A genome-wide linkage scan for endurance training-induced changes in stroke volume detected a quantitative trait locus on chromosome 10p11 in white families of the HERITAGE Family Study. Dense microsatellite mapping narrowed down the linkage region to a 7 Mb area containing 16 known and 14 predicted genes. Association analyses with 90 single nucleotide polymorphisms (SNPs) provided suggestive evidence (P values from 0.03 to 0.06) for association in the kinesin heavy chain (KIF5B) gene locus in the whole cohort. The associations at the KIF5B locus were stronger (P values from 0.001 to 0.008) when the analyses were performed on linkage-informative families only (family-specific logarithm of the odds ratio scores >0.025 at peak linkage location). Resequencing the coding and regulatory regions of KIF5B revealed no new exonic SNPs. However, the putative promoter region was particularly polymorphic, containing eight SNPs with at least 5% minor allele frequency within 1850 bp upstream of the start codon. Functional analyses using promoter haplotype reporter constructs led to the identification of sequence variants that had significant effects on KIF5B promoter activity. Analogous inhibition and overexpression experiments showed that changes in KIF5B expression alter mitochondrial localization and biogenesis in a manner that could affect the ability of the heart to adjust to regular exercise. Our data suggest that KIF5B is a strong candidate gene for the response of stroke volume to regular exercise. Furthermore, training-induced changes in submaximal exercise stroke volume may be due to mitochondrial function and variation in KIF5B expression as determined by functional SNPs in its promoter.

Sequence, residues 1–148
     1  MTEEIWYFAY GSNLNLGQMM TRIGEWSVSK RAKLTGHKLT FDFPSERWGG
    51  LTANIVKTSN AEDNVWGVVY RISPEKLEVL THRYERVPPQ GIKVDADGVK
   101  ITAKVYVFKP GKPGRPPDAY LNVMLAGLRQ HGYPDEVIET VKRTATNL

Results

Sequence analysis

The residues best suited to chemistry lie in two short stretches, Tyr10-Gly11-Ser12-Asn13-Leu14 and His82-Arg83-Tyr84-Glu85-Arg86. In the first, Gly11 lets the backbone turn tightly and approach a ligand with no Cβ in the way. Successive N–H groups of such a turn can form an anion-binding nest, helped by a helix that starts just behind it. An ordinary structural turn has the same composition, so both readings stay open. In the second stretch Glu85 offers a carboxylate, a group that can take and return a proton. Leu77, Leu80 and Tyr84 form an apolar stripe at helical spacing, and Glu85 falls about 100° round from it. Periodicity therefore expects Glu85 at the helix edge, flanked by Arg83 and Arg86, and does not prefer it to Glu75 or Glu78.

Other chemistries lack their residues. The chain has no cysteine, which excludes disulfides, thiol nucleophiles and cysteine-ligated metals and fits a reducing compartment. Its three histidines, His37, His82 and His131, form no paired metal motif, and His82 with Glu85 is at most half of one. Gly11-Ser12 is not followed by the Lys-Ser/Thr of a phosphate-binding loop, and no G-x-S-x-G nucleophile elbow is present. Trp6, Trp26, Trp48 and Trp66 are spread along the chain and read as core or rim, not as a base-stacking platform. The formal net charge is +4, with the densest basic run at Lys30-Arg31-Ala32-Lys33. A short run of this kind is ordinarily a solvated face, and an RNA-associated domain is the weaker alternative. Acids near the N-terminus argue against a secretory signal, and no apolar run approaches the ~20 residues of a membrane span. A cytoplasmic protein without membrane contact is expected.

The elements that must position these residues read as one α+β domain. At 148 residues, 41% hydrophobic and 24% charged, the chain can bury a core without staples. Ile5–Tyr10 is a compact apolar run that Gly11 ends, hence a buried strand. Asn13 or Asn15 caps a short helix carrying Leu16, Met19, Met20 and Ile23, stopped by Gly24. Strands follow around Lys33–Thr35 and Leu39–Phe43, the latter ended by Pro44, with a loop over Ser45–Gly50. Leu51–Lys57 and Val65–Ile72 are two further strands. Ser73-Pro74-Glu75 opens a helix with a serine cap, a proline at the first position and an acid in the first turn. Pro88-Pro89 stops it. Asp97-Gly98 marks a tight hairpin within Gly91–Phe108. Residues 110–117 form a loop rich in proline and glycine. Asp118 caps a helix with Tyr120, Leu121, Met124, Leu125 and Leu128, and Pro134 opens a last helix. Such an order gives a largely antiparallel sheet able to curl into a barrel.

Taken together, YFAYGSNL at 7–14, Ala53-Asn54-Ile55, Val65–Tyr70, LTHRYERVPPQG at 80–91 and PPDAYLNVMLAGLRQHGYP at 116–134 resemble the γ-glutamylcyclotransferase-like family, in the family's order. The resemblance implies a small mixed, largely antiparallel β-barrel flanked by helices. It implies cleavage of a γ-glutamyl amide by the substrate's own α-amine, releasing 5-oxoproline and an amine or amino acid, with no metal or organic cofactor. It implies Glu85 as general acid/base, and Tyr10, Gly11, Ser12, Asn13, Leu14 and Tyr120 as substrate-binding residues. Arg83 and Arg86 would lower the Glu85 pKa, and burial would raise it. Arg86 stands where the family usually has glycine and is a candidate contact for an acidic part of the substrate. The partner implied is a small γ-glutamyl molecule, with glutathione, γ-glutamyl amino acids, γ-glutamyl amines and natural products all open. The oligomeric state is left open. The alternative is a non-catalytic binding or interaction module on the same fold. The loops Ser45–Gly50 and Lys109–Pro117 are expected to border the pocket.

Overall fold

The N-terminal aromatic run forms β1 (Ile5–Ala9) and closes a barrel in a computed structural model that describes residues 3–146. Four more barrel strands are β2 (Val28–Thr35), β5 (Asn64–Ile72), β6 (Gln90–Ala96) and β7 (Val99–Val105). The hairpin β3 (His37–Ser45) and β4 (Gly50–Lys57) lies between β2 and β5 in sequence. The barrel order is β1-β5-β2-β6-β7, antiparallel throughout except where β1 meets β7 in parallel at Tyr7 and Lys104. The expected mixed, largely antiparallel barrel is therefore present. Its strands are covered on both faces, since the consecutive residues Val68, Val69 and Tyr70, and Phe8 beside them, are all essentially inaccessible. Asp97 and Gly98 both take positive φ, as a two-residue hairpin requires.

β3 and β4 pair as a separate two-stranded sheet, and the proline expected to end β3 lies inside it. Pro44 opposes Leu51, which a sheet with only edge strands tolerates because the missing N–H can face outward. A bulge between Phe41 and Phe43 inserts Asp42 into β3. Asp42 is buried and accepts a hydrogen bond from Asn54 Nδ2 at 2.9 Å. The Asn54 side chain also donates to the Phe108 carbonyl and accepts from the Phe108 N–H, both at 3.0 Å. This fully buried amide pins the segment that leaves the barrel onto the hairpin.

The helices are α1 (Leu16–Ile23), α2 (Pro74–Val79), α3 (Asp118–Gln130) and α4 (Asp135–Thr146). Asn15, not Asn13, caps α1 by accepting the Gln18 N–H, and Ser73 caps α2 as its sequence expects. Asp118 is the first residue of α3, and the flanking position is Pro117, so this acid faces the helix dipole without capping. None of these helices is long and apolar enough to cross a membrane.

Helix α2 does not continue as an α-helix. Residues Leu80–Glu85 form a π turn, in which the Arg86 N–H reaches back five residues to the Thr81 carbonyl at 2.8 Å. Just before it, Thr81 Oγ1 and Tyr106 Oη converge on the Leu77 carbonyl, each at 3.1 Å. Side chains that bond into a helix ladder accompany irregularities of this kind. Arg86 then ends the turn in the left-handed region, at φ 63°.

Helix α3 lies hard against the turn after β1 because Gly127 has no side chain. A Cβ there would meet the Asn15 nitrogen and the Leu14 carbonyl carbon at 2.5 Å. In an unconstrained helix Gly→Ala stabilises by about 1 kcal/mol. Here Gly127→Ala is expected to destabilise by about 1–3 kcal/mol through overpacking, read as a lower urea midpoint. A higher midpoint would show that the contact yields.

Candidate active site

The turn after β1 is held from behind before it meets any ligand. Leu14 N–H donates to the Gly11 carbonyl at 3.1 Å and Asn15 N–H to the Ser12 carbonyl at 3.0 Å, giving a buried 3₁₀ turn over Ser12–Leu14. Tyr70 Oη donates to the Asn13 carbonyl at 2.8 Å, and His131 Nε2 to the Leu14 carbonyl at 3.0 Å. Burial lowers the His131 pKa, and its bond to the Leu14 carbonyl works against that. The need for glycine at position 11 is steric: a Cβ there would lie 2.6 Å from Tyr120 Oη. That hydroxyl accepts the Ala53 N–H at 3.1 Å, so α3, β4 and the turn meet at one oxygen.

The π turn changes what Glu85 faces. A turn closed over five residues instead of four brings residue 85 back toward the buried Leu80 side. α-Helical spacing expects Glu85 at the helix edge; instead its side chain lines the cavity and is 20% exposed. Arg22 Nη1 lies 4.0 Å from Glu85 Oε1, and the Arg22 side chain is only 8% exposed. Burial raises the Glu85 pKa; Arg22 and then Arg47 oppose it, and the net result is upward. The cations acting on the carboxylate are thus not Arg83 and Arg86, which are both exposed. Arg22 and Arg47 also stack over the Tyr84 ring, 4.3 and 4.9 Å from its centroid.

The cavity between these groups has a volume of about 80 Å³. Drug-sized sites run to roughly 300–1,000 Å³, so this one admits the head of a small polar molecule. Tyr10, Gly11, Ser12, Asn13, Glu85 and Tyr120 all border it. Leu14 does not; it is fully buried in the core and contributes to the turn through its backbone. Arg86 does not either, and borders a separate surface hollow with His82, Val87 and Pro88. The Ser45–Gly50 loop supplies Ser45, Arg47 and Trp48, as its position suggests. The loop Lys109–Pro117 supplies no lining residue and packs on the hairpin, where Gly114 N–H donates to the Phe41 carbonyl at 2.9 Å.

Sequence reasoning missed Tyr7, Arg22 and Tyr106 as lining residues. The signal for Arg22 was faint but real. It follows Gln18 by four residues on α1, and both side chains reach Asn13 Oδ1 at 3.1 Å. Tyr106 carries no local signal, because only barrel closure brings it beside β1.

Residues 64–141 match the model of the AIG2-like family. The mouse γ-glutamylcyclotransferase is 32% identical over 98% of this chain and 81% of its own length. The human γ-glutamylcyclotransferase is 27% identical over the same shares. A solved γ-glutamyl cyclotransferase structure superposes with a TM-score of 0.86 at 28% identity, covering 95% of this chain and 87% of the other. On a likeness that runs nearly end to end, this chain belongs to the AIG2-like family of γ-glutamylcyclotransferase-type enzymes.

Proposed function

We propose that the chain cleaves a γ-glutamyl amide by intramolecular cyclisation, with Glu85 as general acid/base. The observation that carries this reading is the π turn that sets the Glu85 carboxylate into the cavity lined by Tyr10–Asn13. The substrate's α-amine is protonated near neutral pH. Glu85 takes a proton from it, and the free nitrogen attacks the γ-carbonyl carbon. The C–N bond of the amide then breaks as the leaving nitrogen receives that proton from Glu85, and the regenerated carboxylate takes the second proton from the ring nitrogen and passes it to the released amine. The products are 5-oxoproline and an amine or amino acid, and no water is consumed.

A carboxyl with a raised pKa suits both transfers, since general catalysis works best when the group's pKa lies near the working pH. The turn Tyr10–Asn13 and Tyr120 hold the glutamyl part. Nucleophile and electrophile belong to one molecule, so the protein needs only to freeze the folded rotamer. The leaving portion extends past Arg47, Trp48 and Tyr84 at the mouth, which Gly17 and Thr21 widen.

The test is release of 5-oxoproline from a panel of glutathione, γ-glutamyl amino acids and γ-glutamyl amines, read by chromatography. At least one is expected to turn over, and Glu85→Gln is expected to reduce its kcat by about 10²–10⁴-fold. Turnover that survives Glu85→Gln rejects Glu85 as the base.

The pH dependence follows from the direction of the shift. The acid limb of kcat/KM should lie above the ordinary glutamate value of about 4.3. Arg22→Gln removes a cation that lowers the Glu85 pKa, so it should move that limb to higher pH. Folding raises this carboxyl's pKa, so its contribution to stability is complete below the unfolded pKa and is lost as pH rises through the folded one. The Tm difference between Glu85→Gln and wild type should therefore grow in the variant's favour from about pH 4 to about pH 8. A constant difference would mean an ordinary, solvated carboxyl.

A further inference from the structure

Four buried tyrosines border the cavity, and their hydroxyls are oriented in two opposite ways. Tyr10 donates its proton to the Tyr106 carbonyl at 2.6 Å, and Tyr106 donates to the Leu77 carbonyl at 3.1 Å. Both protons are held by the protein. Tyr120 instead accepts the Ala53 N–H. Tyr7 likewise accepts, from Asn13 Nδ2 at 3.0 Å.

Funded by: NHLBI NIH HHS: HL-45670

    Physiological genomics 2009;36;2;79-88

  • Identification and characterization of cyclin X which activates transcriptional activities of c-Myc.

    Li X, Wang X, Liu G, Li R and Yu L

    Institute of Genetics, School of Life Science, Fudan University, Shanghai, 200433, People's Republic of China.

    Cyclins are eukaryotic proteins that play an active role in controlling cell division cycles and regulate cyclin dependent kinases (CDKs). In this study, we identified and characterized a new member of the human cyclin family. Its cDNA sequence contains an open reading frame of 864 bp, encoding a protein of 287 amino acids. This putative cyclin, designated cyclin X, contains a typical cyclin box. Cyclin X shows the highest sequence similarity in cyclin box to cyclin B3 and the similarity between these two proteins also extends to the whole molecule. The expression pattern of cyclin X showed that it was highly expressed in testis. Cyclin X protein was located in nucleus of the H1299 cells and Overexpression of cyclin X activated the transcriptional activities of c-Myc. These results indicate that cyclin X is a novel member of the human cyclin family and positive regulator of c-Myc-mediated gene transcription.

    Molecular biology reports 2009;36;1;97-103